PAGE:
Blame Nightwish. Hypocrisy frontman / founder Peter Tägtgren does.
His relationship with the Finnish / Swedish quintet is anything but sour, however. On the contrary, Tägtgren considers it an honour and a privelege to have had the opportunity to take his industrial side-project-turned-priority Pain out as the main support act on Nightwish’s recent European tours. The resulting exposure resulted in Pain’s latest album Cynic Paradise growing longer legs than it would have without the push, making for something suspciously akin to commercial success. Rather than dwell on further mining of the power-pop audience Tägtgren returned instead to his first love, Hypocrisy, coughing up what is one of the strongest albums of his career. The aptly titled A Taste Of Extreme Divinity is as far away from Pain as possible, a long awaited return to the clash and burn that made Tägtgren a household name amongst death metal fans over 15 years ago. It’s been a long time coming according to the soft spoken Swede, and folks have Pain to thank for it.
“It’s different music,” Tägtgren offers with regards to Pain’s success. “It has more of an appeal so that the average Joe can get into it, more than the death metal or more extreme fans will. Things have gone kind of backwards, though, because when Pain started getting really popular in Sweden people thought that was the only thing I’d ever done (laughs). They’d never heard of Hypocrisy and the didn’t know anything about my background. The only thing I could do in those interviews was just sit back and smile (laughs).”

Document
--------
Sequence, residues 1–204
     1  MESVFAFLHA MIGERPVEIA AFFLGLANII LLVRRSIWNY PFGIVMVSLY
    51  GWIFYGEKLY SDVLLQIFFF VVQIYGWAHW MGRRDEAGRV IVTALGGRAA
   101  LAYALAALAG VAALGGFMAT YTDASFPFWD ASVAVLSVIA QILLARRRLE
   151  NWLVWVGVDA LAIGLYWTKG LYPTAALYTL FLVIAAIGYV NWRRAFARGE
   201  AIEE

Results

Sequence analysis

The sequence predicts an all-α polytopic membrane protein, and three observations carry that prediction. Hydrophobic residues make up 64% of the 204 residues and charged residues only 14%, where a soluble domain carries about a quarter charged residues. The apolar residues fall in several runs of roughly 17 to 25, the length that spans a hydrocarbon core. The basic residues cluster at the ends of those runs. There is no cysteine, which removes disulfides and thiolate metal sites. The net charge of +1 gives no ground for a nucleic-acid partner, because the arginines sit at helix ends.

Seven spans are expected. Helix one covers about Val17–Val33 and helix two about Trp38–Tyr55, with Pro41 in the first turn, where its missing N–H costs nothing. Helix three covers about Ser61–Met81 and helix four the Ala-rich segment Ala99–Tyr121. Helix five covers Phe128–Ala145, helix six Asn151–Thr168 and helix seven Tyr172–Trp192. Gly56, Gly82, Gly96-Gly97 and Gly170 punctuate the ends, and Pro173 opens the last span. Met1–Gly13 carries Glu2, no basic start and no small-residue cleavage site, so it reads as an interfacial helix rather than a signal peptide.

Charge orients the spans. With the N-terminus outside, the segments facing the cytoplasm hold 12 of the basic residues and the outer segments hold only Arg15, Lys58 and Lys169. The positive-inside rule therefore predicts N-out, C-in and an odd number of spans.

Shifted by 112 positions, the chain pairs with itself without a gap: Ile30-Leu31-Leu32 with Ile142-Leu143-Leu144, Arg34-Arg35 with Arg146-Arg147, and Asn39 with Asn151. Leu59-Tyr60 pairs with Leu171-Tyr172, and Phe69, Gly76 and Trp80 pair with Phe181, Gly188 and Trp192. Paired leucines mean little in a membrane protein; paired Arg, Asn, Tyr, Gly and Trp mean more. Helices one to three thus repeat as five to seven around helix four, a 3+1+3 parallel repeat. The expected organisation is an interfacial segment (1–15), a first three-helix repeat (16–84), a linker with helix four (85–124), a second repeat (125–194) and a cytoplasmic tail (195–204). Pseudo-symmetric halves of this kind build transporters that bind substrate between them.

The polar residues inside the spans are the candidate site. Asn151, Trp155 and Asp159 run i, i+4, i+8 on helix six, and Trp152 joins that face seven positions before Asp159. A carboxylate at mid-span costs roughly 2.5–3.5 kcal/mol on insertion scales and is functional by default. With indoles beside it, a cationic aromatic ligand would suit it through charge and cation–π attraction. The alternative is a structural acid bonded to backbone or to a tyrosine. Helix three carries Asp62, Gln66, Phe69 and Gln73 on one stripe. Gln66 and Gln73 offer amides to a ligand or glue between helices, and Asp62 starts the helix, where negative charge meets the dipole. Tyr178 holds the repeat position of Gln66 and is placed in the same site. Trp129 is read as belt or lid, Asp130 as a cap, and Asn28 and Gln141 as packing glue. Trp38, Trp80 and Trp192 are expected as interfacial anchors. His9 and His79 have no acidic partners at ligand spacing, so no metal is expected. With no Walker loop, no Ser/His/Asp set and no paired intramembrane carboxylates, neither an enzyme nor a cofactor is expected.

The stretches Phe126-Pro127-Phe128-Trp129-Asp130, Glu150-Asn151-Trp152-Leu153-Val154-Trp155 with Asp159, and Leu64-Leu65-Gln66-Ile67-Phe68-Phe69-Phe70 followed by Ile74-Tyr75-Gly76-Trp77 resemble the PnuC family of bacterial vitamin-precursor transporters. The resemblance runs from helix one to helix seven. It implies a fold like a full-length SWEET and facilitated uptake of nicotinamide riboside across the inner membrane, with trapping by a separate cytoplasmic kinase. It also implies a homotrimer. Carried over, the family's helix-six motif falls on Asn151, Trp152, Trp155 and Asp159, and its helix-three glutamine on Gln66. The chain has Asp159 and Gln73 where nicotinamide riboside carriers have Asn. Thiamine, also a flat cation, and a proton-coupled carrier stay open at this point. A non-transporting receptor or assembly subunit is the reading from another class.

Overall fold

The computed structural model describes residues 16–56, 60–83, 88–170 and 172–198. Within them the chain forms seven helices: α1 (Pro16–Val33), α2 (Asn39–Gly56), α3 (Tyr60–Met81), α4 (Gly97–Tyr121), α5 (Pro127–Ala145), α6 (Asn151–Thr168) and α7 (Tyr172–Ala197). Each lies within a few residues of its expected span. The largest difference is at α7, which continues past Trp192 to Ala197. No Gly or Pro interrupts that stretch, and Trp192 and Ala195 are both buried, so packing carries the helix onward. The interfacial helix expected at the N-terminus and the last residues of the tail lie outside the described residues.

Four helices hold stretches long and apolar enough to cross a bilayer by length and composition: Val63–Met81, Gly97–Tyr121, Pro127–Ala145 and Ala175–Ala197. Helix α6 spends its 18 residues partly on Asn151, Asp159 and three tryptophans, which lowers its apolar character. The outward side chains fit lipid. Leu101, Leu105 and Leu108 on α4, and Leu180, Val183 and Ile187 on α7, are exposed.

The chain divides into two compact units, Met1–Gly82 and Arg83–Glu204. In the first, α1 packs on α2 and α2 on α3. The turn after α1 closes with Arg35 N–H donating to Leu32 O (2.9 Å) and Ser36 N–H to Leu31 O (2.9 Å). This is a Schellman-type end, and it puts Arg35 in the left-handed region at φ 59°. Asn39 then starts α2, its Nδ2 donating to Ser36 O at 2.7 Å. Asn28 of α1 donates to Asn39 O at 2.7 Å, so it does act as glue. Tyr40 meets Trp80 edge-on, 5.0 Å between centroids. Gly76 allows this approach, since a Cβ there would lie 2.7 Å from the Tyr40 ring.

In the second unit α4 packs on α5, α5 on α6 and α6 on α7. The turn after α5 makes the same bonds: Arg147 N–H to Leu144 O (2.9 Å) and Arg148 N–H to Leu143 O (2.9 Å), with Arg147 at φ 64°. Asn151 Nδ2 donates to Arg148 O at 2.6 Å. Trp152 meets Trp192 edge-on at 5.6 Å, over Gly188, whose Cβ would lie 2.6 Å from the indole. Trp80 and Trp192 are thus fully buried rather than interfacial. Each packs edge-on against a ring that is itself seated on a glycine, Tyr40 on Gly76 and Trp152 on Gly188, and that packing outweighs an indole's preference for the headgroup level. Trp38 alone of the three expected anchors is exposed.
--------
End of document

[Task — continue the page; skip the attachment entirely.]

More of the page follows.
The smiling continues with A Taste Of Extreme Divinity. Between the sarcastic “fatal if swallowed” title and a sound falling somewhere between the realms of Slayer and Strapping Young Lad, Tägtgren made certain that Hypocrisy’s return had a skull-rattling impact.
“People didn’t expect the album to sound like this, but the reactions have been really good,” he says. “People really seem to like it. The thing is, when you have a long time to make an album it’s easier to look at things and throw them away, so it definitely helped doing this album in the long term. I think I did four or five tours with Pain since the release of Virus, but whenever I get free time I just sit and write. Sometimes I write Hypocrisy riffs and sometimes they’re Pain riffs. I think we were kind of burned out on Hypocrisy from touring, because we did five tours for Virus as well. So we didn’t really want to do anything for a long time. That’s why it was cool to just sit down and work on some riffs, then put them in a computer file so I could open them back up when we started recording and throw out the stuff that wasn’t good enough. I think it’s a good thing to let the music grow like that because sometimes you can make an album pretty quickly, and then you go back and ‘Hmmm, maybe I shouldn’t have done that…’”
Far from being the troubled artist pulled in too many directions at once, Tägtgren was focused solely on making a Hypocrisy record once he got down to business. No waffling on using certain riffs or shoving ideas into the Pain box for later.
“I set my mind to doing Hypocrisy riffs and that’s what they’re going to be. Michael (Hedlund / bass) contributed a little bit to the songwriting, but basically what I did was take all the stuff I’d come up with over the last few years and turned them into songs. Put a drum machine on the stuff so Horgh (drums) could listen to them, then Michael came over and really started putting things together. I was thinking that I wanted things either super-slow or super-fast on this album. That was really the only goal with the tempo, but with the riffing I didn’t even think about it. I just kept putting the riffs together, building one on top of another, and set the standard really high. It’s just a fist in the face kind of thing. The tone is set right away and that’s what the whole album is like.”